It may not explicitly market itself as such, but INDUSTRIA feels like a retro-inspired shooter drawing upon themes and mechanics from past PC games.
Typically when we think of retro-inspired shooters, we tend to think of games like Ion Fury, Wrath: Aeon of Ruin, Amid Evil, or Dusk. These all try to replicate the look and feel of Quake, Doom, Wolfenstein, HeXen, or other boomer shooters that dominated the ’90s and early ’00s.
INDUSTRIA takes another approach by mimicking the atmosphere and mechanics of a different type of shooter that has largely been abandoned in recent years: the linear narrative-driven FPS. Exemplified by the Half-Life series, such shooters usually focus a bit more on the narrative and lore as you navigate fairly linear levels, with the occasional puzzle or two to break up the shooting bits.
It’s easy to make Half-Life comparisons when describing INDUSTRIA; and not just because both games are about a scientist that suddenly finds themselves in an unfamiliar world after some science techno-magic goes wrong.
INDUSTRIA even features some physics-based box stacking puzzles, an archaic concept that feels quaint in an FPS in 2021. While INDUSTRIA has plenty of things going in its favor, it also has a few problems that get in the way of the experience.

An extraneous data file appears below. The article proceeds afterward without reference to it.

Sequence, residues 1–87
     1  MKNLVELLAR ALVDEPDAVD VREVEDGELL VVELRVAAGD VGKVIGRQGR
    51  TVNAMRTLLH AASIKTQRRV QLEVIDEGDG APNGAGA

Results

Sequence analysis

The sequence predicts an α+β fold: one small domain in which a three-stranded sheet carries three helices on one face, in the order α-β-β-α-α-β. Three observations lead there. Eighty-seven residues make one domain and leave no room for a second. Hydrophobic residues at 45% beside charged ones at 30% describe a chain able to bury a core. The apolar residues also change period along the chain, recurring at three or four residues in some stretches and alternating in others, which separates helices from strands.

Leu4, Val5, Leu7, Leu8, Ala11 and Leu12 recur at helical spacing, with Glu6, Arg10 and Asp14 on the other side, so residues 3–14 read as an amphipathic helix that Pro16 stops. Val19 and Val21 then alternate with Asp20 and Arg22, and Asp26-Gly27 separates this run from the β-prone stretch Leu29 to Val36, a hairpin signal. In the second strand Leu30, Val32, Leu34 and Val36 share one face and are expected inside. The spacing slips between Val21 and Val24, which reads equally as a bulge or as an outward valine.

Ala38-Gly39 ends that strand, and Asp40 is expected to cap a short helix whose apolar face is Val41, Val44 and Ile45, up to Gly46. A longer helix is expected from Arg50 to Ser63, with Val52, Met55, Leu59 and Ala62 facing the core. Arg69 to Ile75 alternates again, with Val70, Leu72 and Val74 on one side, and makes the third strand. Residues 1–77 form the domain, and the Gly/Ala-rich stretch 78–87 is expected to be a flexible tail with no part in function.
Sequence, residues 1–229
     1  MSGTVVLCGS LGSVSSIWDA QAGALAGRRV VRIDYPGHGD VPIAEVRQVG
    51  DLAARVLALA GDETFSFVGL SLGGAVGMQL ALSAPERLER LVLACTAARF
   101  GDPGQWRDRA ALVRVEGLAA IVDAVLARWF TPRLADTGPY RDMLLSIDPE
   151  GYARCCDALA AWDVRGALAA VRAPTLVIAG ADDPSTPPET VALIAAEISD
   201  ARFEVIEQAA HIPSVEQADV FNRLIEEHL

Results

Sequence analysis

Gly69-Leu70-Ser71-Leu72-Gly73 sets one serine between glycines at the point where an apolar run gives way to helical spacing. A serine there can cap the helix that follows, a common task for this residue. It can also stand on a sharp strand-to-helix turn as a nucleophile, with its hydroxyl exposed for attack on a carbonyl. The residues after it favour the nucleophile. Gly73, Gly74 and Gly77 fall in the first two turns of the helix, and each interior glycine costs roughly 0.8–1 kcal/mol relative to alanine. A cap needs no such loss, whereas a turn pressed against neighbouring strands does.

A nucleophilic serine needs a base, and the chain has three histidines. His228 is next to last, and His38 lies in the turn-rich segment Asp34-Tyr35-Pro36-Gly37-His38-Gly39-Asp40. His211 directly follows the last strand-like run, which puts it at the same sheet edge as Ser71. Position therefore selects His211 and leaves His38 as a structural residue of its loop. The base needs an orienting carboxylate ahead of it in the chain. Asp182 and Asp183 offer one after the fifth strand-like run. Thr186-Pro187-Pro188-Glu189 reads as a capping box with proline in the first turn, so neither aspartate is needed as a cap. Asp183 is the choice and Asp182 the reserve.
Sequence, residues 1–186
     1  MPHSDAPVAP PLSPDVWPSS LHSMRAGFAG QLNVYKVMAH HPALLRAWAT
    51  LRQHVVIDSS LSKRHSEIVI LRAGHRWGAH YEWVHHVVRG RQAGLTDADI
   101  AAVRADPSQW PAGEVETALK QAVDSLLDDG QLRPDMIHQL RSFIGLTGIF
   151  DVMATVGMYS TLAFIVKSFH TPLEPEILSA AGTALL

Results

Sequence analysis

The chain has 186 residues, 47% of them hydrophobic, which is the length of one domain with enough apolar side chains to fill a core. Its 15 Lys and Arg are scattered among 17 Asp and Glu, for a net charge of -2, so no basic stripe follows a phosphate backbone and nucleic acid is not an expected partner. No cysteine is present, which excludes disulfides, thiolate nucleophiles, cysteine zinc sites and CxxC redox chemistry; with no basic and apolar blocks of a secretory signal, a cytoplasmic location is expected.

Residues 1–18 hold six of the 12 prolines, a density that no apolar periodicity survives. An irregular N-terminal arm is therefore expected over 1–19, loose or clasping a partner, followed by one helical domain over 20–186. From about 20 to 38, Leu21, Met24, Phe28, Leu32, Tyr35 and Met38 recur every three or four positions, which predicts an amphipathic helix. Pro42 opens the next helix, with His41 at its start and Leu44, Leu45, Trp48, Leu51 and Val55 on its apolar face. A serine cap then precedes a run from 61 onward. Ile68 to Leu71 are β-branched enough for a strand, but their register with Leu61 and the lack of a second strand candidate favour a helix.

Platform: Windows PC
Release Date: September 30th, 2021
Price: $19.99 USD
INDUSTRIA opens the evening of November 9th, 1989; the day the Berlin Wall was breached and the two Germanys took the first steps toward reunification. You play as Nora, a scientist in East Berlin working on a secretive project called ATLAS, that involves advanced AI and alternate dimensions.
As history unfolds on national television, Nora is awakened by a cryptic call from her colleague, Walter. The Stasi are dismantling the ATLAS facility in a frantic attempt to destroy as many top secret projects and documents as possible, before they fall into the hands of the Western powers.
After a short walk to the ATLAS facility, it quickly becomes apparent than things have gone very wrong. The facility is completely abandoned, and ATLAS itself is overloading, with the interior of the building shaking and crumbling.